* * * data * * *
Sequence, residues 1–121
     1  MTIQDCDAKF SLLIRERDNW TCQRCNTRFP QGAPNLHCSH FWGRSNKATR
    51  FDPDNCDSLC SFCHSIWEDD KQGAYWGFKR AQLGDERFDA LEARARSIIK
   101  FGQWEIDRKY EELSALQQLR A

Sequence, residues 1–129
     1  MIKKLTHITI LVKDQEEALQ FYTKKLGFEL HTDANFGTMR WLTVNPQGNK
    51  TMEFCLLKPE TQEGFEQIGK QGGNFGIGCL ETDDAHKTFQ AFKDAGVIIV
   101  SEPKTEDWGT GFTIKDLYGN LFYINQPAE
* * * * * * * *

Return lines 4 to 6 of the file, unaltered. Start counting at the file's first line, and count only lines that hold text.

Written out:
   101  FGQWEIDRKY EELSALQQLR A

Sequence, residues 1–129
     1  MIKKLTHITI LVKDQEEALQ FYTKKLGFEL HTDANFGTMR WLTVNPQGNK